When a mass of Uranium or Plutonium goes critical outside of an experiment or a reactor vessel, it is called a "Criticality Accident", or sometimes an "Unshielded Criticality". Not surprisingly, most of these events have happened in fuel processing facilities, where nuclear fuel is dissolved in a solution. Some criticality accidents have happened in research laboratory settings though.
Remember that an unreflected Plutonium sphere weighing just 24 lbs can become critical? That's about 4.5 inches across. That's also without any neutron moderation. Suppose the Plutonium was dissolved in a liquid that could moderate neutrons, allowing far easier neutron capture by the Pu-239 nucleus? Then you would only need about 1.5 lbs of Plutonium. That isn't a lot, especially if a facility is processing a batch containing several pounds of material.
It's happened. Below is a partial list of Criticality Accidents from Wikipedia detailing a few of the major events.
- On 4 June 1945, Los Alamos scientist John Bistline was conducting an experiment to determine the effect of surrounding a sub-critical mass of enriched uranium with a water reflector. The experiment unexpectedly became critical when water leaked into the polyethylene box holding the metal. When that happened, the water began to function as a highly effective moderator rather than just a neutron reflector. Three people received non-fatal doses of radiation.
- On 21 August 1945, Los Alamos scientist Harry K. Daghlian, Jr. suffered fatal radiation poisoning after accidentally dropping a tungsten carbide brick onto a sphere of plutonium, which was later nicknamed the demon core. The brick acted as a neutron reflector, bringing the mass to criticality. This was the first known criticality accident causing a fatality.
- On 21 May 1946, another Los Alamos scientist, Louis Slotin, accidentally irradiated himself during a similar incident (called the "Pajarito accident" at the time) using the same sphere of plutonium responsible for the Daghlian accident. Slotin surrounded the plutonium sphere with two 9-inch diameter hemispherical cups of neutron-reflecting material (beryllium); one above and one below. He was using a screwdriver to keep the cups slightly apart, which kept the assembly subcritical. When the screwdriver accidentally slipped, the cups closed completely around the plutonium, sending the assembly supercritical. Immediately realizing what had happened, he quickly disassembled the device, likely saving the lives of seven fellow scientists nearby. Slotin succumbed to radiation poisoning nine days later.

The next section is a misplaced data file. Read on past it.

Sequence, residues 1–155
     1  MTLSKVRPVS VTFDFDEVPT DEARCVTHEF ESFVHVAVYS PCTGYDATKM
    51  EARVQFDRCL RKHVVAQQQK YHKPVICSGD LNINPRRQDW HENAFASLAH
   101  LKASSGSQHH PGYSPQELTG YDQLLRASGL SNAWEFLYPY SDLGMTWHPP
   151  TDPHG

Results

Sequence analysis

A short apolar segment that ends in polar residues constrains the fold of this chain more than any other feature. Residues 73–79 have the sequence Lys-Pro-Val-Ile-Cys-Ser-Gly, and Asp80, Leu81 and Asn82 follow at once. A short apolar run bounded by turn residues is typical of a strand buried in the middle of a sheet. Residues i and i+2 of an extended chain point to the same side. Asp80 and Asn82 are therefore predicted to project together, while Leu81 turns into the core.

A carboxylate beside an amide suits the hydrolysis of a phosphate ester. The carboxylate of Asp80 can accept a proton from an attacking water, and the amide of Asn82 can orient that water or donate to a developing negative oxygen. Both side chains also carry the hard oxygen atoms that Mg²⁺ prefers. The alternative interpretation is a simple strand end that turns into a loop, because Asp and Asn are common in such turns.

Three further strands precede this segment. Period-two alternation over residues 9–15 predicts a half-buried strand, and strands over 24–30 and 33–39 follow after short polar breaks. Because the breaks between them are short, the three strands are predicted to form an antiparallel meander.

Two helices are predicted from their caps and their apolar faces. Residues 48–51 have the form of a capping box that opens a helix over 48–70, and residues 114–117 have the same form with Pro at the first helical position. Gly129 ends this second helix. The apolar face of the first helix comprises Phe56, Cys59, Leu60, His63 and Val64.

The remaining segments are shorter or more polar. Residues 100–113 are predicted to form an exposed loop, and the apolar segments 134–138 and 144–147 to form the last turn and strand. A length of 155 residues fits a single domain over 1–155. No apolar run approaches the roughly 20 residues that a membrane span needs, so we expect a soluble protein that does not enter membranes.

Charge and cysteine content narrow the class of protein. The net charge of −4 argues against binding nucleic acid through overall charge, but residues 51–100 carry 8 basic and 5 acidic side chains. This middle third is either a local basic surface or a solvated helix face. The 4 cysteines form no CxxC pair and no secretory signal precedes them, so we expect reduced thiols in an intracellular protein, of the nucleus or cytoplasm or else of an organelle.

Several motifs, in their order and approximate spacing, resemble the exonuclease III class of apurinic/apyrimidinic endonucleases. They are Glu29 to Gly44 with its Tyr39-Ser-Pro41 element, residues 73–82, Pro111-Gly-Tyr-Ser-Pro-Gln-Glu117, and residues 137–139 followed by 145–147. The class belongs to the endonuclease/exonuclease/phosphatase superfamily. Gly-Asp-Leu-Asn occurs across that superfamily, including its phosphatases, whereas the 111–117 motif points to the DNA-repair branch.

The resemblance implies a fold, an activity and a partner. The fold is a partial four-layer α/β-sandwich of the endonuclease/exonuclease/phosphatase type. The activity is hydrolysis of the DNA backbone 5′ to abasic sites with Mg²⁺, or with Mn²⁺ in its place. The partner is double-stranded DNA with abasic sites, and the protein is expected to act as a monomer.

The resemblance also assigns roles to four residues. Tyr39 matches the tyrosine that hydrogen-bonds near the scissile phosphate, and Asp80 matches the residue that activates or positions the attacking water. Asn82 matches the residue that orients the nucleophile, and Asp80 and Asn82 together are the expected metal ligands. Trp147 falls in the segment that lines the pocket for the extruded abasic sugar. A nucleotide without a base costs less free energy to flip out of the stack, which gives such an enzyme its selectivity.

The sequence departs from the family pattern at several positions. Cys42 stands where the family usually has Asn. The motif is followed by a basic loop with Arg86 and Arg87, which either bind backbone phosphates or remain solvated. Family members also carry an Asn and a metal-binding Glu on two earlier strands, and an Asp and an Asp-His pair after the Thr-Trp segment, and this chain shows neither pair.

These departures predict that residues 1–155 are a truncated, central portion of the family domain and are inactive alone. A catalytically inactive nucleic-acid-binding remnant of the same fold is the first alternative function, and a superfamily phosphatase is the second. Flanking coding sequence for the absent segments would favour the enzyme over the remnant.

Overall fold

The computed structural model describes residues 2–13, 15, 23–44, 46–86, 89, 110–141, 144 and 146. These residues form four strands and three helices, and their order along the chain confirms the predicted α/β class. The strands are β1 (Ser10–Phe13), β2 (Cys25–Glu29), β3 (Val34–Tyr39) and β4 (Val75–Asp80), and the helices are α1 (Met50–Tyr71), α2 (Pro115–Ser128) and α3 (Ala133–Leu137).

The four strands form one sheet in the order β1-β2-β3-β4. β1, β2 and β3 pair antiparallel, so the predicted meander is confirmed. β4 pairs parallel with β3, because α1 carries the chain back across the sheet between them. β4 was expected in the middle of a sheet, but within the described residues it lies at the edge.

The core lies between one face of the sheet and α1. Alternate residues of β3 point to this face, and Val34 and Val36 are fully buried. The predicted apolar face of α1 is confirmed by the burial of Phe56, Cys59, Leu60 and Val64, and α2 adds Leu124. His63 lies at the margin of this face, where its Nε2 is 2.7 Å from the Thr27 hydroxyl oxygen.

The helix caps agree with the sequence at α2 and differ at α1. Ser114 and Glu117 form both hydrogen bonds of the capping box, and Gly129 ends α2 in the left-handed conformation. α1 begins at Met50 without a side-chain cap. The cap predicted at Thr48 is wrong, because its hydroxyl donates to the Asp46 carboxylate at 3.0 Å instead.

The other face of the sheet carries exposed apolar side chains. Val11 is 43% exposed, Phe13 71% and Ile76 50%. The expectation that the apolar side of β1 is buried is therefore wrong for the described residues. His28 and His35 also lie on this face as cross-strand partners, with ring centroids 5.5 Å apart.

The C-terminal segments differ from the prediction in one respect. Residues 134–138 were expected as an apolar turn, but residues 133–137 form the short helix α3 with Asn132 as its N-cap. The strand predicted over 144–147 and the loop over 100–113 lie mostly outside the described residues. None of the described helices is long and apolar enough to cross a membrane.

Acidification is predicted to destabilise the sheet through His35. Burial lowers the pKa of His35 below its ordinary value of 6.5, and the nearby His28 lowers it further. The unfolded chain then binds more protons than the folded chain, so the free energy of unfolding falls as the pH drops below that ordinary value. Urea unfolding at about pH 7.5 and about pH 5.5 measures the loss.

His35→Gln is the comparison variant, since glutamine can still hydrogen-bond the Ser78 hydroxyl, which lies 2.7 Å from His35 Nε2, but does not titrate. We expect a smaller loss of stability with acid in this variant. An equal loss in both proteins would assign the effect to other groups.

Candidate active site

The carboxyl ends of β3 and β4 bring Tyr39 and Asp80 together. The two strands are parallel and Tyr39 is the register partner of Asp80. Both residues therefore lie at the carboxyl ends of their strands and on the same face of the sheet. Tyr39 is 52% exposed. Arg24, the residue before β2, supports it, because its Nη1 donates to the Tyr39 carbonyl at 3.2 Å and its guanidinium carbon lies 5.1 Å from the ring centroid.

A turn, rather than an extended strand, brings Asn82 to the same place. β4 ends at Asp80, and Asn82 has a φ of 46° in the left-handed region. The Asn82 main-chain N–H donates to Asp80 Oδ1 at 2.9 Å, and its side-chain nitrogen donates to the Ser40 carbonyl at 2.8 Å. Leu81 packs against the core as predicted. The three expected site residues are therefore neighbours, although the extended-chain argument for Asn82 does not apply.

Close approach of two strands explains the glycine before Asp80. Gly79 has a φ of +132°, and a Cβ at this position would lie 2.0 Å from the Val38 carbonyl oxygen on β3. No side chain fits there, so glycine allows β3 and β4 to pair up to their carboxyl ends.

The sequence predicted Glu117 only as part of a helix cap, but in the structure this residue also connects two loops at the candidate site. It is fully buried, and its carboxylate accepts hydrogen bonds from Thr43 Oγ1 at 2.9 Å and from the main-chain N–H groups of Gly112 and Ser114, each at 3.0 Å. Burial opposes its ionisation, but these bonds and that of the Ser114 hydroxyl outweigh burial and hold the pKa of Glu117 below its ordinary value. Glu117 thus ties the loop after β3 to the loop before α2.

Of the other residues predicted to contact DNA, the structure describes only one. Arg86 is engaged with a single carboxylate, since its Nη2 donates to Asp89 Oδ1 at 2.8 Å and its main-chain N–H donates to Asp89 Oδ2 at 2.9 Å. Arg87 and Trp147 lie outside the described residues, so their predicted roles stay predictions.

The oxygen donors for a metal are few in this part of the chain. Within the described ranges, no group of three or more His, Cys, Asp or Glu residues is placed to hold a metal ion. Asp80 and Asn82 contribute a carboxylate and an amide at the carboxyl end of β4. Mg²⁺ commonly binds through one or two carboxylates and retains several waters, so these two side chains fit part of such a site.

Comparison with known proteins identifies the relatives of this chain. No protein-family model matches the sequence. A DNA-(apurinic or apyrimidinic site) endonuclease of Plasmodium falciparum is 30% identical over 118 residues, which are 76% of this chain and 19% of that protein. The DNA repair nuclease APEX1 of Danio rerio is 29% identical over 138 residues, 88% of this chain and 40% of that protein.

- Otto Frisch received a larger than intended dose of radiation in 1954, when leaning over the Lady Godiva device for a couple of seconds. He noticed that the red lamps that flickered intermittently when neutrons were being emitted were 'glowing continuously'. Frisch's body had reflected some neutrons back to the device, causing it to go critical, and it was only by quickly leaning back and away from the device and removing a couple of the uranium blocks that Frisch escaped harm but, he said, "if I had hesitated for another two seconds before removing the material ... the dose would have been fatal". On 3 February 1954 and 12 February 1957, accidental criticality excursions occurred causing damage to the device, but fortunately only insignificant exposures to personnel. This original Godiva device was irreparable after the second accident and was replaced by the Godiva II.
- On 16 June 1958, the first recorded uranium-processing–related criticality occurred at the Y-12 Plant in Oak Ridge, Tennessee. During a routine leak test a fissile solution was unknowingly allowed to collect in a 55-gallon drum. The excursion lasted for approximately 20 minutes and resulted in eight workers receiving significant exposure. There were no fatalities, though five were hospitalized for forty-four days. All eight workers eventually returned to work.
- On 15 October 1958, a criticality excursion in the heavy water RB reactor at the Vinca Nuclear Institute in Vinča, Yugoslavia, killed one and injured five. The initial survivors received the first bone marrow transplant in Europe.
- On 30 December 1958, the Cecil Kelley criticality accident took place at the Los Alamos National Laboratory. Cecil Kelley, a chemical operator working on plutonium purification, switched on a stirrer on a large mixing tank, which created a vortex in the tank. The plutonium, dissolved in an organic solvent, flowed into the center of the vortex. Due to a procedural error, the mixture contained 3.27 kg of plutonium, which reached criticality for about 200 microseconds. Kelley received 3,900 to 4,900 rads according to later estimates. The other operators reported seeing a flash of light and found Kelley outside, saying "I'm burning up! I'm burning up!" He died 35 hours later.
- On 23 July 1964, a criticality accident occurred at the Wood River Junction facility in Richmond, Rhode Island. The plant was designed to recover uranium from scrap material left over from fuel element production. An operator, intending to add trichloroethane to a tank containing uranium-235 and sodium carbonate to remove organics, erroneously added uranium solution instead, producing a criticality excursion. The operator was exposed to a fatal radiation dose of 10,000 rad (100 Gy). Ninety minutes later a second excursion happened when a plant manager returned to the building and turned off the agitator, exposing himself and another administrator to doses of up to 100 rad (1 Gy) without ill effect. The operator involved in the initial exposure died 49 hours after the incident.